• Hagberg B.
        Rett syndrome: recent clinical and biological aspects.
        in: Arzimanoglou A. Goutieres F. Trends in child neurology. John Libbey Eurotext, Paris1996: 143-146
        • Vorsanova S.G.
        • Demidova I.A.
        • Ulas V.Y.
        • Soloviev I.V.
        • Kazantszeva L.Z.
        • Yurov Y.B.
        Cytogenetic and molecular-cytogenetic investigation of Rett syndrome: analysis of 31 cases.
        NeuroReport. 1996; 8: 187-189
        • Vorsanova S.G.
        • Demidova I.A.
        • Ulas V.Y.
        • Soloviev I.V.
        • Kravets V.S.
        • Kazantzeva L.Z.
        • Yurov Y.
        Cytogenetic and molecular-cytogenetic diagnosis of Rett syndrome in children (in Russian).
        Korsakov's J Neurol Psychiatry. 1998; 4: 53-56
        • Kormann-Bortolotto M.H.
        • Woods C.G.
        • Green S.H.
        • Webb T.
        X-inactivation in girls with Rett syndrome.
        Clin Genet. 1992; 42: 296-301
        • Webb T.
        • Watkiss E.
        • Woods C.G.
        Neither uniparental disomy nor skewed X-inactivation explains Rett syndrome.
        Clin Genet. 1993; 44: 236-240
        • Webb T.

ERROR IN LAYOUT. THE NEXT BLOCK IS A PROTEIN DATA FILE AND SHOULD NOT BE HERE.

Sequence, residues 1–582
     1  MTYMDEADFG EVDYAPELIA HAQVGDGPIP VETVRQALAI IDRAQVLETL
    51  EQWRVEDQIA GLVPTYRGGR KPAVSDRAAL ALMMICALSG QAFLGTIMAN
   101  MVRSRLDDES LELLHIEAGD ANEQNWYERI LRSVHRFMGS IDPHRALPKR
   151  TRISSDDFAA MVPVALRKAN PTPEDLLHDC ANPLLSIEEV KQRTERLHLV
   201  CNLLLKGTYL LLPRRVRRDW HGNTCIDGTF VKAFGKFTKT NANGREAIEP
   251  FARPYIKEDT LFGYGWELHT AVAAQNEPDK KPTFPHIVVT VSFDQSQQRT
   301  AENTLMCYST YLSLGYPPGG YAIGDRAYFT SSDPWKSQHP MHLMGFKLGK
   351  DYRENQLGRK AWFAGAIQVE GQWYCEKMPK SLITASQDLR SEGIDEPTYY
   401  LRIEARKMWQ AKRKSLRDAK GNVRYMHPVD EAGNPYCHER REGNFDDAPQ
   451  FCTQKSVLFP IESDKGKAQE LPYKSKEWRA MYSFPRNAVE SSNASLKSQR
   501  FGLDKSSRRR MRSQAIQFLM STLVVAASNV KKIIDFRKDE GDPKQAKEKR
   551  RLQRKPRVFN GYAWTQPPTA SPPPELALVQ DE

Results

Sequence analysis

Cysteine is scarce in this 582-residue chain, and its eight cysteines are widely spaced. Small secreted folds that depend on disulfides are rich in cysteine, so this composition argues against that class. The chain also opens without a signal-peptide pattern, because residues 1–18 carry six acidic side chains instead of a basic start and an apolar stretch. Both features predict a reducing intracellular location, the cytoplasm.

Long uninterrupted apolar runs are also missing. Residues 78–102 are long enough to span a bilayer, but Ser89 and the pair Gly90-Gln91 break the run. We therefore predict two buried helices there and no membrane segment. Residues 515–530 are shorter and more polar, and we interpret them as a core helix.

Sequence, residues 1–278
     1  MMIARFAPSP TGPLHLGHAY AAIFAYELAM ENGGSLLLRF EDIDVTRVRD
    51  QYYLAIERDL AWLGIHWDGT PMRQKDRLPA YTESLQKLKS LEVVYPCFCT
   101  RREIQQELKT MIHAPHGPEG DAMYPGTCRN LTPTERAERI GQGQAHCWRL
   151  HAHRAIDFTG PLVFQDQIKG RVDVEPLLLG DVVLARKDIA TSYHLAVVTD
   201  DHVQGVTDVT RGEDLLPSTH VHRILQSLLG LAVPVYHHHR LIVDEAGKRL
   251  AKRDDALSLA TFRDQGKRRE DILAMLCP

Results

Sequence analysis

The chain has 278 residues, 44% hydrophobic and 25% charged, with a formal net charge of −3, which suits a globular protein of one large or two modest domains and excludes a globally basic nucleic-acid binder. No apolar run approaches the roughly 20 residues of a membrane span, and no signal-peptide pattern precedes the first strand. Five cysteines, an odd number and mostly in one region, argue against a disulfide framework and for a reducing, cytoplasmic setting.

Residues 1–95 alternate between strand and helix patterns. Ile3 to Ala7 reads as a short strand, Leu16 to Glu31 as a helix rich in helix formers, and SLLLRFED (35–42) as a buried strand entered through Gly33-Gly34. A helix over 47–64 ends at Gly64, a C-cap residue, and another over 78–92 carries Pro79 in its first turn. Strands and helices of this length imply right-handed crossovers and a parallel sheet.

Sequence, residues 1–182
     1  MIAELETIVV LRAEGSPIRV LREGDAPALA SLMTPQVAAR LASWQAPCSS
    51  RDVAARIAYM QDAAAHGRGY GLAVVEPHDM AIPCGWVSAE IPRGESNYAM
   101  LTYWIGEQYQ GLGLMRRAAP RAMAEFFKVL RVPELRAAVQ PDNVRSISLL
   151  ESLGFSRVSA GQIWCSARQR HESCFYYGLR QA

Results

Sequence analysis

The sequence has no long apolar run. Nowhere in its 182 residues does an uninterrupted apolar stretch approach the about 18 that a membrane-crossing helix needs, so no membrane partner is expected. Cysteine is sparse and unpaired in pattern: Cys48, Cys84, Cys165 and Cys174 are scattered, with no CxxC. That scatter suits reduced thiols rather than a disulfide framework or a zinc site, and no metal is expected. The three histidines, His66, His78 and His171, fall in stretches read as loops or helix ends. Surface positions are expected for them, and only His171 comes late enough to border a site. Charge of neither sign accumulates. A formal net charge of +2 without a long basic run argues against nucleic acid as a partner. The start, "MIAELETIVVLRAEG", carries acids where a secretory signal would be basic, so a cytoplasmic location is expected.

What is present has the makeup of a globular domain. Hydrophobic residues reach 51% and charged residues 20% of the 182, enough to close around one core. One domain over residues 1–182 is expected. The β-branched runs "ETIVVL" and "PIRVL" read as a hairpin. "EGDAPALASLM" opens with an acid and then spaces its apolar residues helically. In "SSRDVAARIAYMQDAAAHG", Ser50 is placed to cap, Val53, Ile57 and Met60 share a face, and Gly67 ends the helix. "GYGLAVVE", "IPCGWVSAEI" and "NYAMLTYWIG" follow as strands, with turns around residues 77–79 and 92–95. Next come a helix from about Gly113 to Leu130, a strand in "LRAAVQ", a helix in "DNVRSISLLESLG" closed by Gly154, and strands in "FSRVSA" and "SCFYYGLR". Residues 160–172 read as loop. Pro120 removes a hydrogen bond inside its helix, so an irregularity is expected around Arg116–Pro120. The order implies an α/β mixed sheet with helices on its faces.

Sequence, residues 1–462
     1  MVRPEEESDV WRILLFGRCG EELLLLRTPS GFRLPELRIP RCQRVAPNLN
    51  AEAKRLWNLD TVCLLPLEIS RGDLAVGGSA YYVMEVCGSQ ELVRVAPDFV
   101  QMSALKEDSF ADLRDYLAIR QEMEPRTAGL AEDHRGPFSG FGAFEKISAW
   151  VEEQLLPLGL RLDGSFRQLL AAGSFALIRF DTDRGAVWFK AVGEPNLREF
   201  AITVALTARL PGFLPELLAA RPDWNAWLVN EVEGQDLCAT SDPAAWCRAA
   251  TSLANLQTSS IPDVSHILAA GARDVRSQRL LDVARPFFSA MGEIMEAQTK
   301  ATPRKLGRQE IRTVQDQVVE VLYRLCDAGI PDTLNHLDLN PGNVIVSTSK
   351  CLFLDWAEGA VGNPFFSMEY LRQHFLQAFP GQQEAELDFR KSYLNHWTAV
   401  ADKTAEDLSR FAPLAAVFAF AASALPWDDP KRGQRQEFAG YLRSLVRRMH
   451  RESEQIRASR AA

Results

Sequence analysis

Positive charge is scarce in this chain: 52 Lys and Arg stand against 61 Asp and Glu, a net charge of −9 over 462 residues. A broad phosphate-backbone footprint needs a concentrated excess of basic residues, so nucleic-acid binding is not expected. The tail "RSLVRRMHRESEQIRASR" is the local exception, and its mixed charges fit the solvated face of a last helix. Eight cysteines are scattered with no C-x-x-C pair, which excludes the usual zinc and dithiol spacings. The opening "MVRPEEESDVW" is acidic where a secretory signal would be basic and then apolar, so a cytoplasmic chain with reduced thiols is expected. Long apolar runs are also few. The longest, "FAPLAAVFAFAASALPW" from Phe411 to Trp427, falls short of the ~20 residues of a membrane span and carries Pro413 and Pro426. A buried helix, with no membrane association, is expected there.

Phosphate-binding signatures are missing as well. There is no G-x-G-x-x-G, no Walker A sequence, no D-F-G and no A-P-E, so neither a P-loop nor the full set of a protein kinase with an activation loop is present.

• Watkiss E.
        A comparative study of X-inactivation in Rett syndrome probands and control subjects.
        Clin Genet. 1996; 49: 189-195
        • Camus P.
        • Abbadi N.
        • Perrier M.-C.
        • Chery M.
        • Gilgenkrantz S.
        X chromosome inactivation in 30 girls with Rett syndrome: analysis using the probe.
        Hum Genet. 1996; 97: 247-250
        • Zoghbi H.Y.
        • Percy A.K.
        • Schultz R.J.
        • Fill C.
        Pattern of X chromosome inactivation in the Rett syndrome.
        Brain Dev. 1990; 12: 131-135
        • Allen R.C.
        • Zoghby H.Y.
        • Moseley A.B.
        • Rosenblatt H.M.
        • Belmont J.W.
        Methylation of HpaII and HhaI sites near polymorphic CAG repeat in the human androgen-receptor gene correlate with X chromosome inactivation.
        Am J Hum Genet. 1992; 51: 1229-1239
        • Schanen C.
        • Franke U.
        A severely affected male born into Rett syndrome kindred supports X-linked inheritance and allows extension of the exclusion map.
        Am J Hum Genet. 1998; 63: 267-269
        • Siranni N.
        • Naidu S.
        • Pereira J.
        • Pilotto R.F.
        • Hoffman E.P.
        Rett syndrome: confirmation of X-linked dominant inheritance, and localization of the gene to Xq28.
        Am J Hum Genet. 1998; 63: 1552-1558
        • Amir R.E.
        • Van den Veyver I.B.
        • Wan M.
        • Tran C.Q.
        • Franke U.
        • Zoghby H.Y.
        Rett syndrome is caused by mutations in X-linked MeCP2, encoding methyl-CpG-binding protein 2.
        Nat Genet. 1999; 23: 185-188
        • Wan M.
        • Sung Jae Lee S.
        • Zhang X.
        • Houwink-Manville I.
        • Song H.-R.
        • Amir R.E.
        • et al.
        Rett syndrome and beyond: recurrent spontaneous and familial MeCP2 mutations at CpG hotspots.
        Am J Hum Genet. 1999; 65: 1520-1529